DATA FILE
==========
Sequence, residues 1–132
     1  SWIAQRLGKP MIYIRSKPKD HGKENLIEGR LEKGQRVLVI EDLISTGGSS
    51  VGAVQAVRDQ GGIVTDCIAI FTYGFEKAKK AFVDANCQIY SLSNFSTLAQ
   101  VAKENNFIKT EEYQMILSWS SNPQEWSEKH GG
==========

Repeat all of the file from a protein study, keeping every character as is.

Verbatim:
Sequence, residues 1–132
     1  SWIAQRLGKP MIYIRSKPKD HGKENLIEGR LEKGQRVLVI EDLISTGGSS
    51  VGAVQAVRDQ GGIVTDCIAI FTYGFEKAKK AFVDANCQIY SLSNFSTLAQ
   101  VAKENNFIKT EEYQMILSWS SNPQEWSEKH GG